Macbeth: Act 2, Scene 4 – Summary & Analysis

Macbeth: Act 2, Scene 4 – Summary & Analysis

Outside the castle Ross, a thane, walks with an old man and discusses recent events and their abnormal nature. While it is daytime it is dark outside, an owl killed a falcon last Tuesday and most recently Duncan’s usually well-behaved horses have eaten one another. Macduff arrives and tells Ross that Macbeth has been made king at the meeting of the lords, and is en-route to Scone to be crowned. He reveals that the chamberlains seem most likely to be the killers of the king, presumably paid by someone to commit the act of regicide, however Malcolm and Donalbain are now under suspicion as they have recently fled the country. Macduff then moves for home (in Fife), while Ross goes to Scone to view the coronation of the new king.

Analysis

This scene confirms that Macduff will be Macbeth’s opponent for the remainder of the play; while as mentioned earlier the knocking presented him as associated with fate his refusal to go the king’s coronation shows him as opposed to the rule of the new king. It must be noted that Malcolm will be opposed to Macbeth also and will become rightful king, but Macduff is presented as Macbeth’s opponent due to his returning home rather than fleeing as Malcolm does; Malcolm is shown as passive and unable to challenge Macbeth, foreshadowing the eventual alliance with Macduff which he will need to eventually become king. For plot devices it is essential that Macduff remains in Scotland to see it fall into disarray; if he and Malcolm both fled now it would be implausible for them to attain help from the English army, as there is no suggestion yet that Macbeth will be a corrupt ruler.

The events discussed by Ross and the old man act as pathetic fallacy, as the world of the play represents the mood of the drama. Macbeth, as said, has destroyed the natural order of things, which throws the kingdom into chaos; now unlikely events such as an owl killing a falcon and horses eating each other occur, as normality has been destroyed. The reference of the owl killing the falcon is also interesting as in mythology the symbol of the owl is linked to the passing of a spirit from one plane to another, often from the physical world to the spiritual. The falcon may be seen to represent god or king here, as it did in Egyptian times, with the owl killing the falcon conveying the dark consequences from recent actions. While the death of the king would usually result in a peaceful passing into the otherworld (the keeper of spirits accompanying the king to the next life) this now cannot occur as Duncan was not given a chance to repent his sins at the point of death; his inability to pass into the next world is represented by the owl killing the falcon. The killing of the falcon may also refer to Macbeth’s new-found control of the kingdom and he may be seen as the owl; whereas the owl would usually move the soul of the deceased to the next life Macbeth has become the owl of sorts, taking responsibility for how Duncan’s life. As he has removed God’s representative from the kingdom he thus removes Christianity from Scotland also, which will result in the aforementioned corruption and immorality facing the kingdom. It may also be considered that the falcon represented the unconverted Gentile in Christianity and his sinful state; Macbeth might represent the falcon here, and the owl killing the falcon suggests further that Macbeth is no longer a member of Christian realm (as suggested earlier) who thus does not have a passage to the next life as the owl will not provide him with the route needed to reach this place. On another level, the owl might simply be considered for its similarity to Macbeth; both act in ways previously abnormal to them and both kill at night.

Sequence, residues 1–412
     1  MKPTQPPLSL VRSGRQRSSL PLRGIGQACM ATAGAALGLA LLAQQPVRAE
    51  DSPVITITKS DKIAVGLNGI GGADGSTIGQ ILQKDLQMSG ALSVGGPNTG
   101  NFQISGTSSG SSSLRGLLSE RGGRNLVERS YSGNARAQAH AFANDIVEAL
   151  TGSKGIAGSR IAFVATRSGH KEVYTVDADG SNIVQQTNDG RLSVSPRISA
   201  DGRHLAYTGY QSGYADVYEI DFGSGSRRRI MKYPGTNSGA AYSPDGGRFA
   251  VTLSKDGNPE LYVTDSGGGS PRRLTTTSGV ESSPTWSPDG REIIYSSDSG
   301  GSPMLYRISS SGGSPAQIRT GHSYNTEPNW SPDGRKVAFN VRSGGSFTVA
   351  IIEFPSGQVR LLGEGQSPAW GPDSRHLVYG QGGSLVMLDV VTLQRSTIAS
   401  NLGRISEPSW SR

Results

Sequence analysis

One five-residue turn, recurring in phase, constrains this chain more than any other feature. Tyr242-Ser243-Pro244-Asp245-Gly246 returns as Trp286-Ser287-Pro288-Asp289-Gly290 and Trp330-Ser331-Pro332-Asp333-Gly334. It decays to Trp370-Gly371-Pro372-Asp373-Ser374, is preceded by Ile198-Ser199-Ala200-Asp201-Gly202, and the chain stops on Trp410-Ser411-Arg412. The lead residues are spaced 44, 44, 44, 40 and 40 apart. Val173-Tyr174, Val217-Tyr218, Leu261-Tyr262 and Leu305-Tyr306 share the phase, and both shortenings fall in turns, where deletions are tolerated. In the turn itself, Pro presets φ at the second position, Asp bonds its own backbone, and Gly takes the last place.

Points of note

Shakespeare still does not let us forget the act of regicide which occurred two scenes earlier, reminding us of this as Ross comments of a ‘bloody stage’ and speaks of the ‘bloody deed’.

The conflicted, confusing world in which nothing is as it seems is represented by such quotes as Ross speaking of ‘night’s predominance, or the day’s shame’ and the old man commenting on ‘good of bad, and friends of foes’. Such quotes are paradoxical and contradictory and represent a world in which the characters cannot be sure of anything.

Macduff speaks of deception when he says ‘Lest our old robes sit easier than our new’, suggesting that certain characters are assuming appearances and positions that they are not entitled to. The quote can be seen as a foreboding to later when Lady Macbeth will suffer visibly from the murder she was part of.

Mention is made of ‘thriftless ambition’, which is easily associated with Macbeth. The phrase ‘thriftless’ refers to that which is useless, and reminds us once more that Macbeth’s ambition which caused the act of regicide to come about cannot be justified.

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About the Author

John Ryan

John has a Masters in Modern English Literature and is the founder of RyJoLC, an educational consultancy based in Dublin that provides English language and curriculum resources to educational institutions worldwide.
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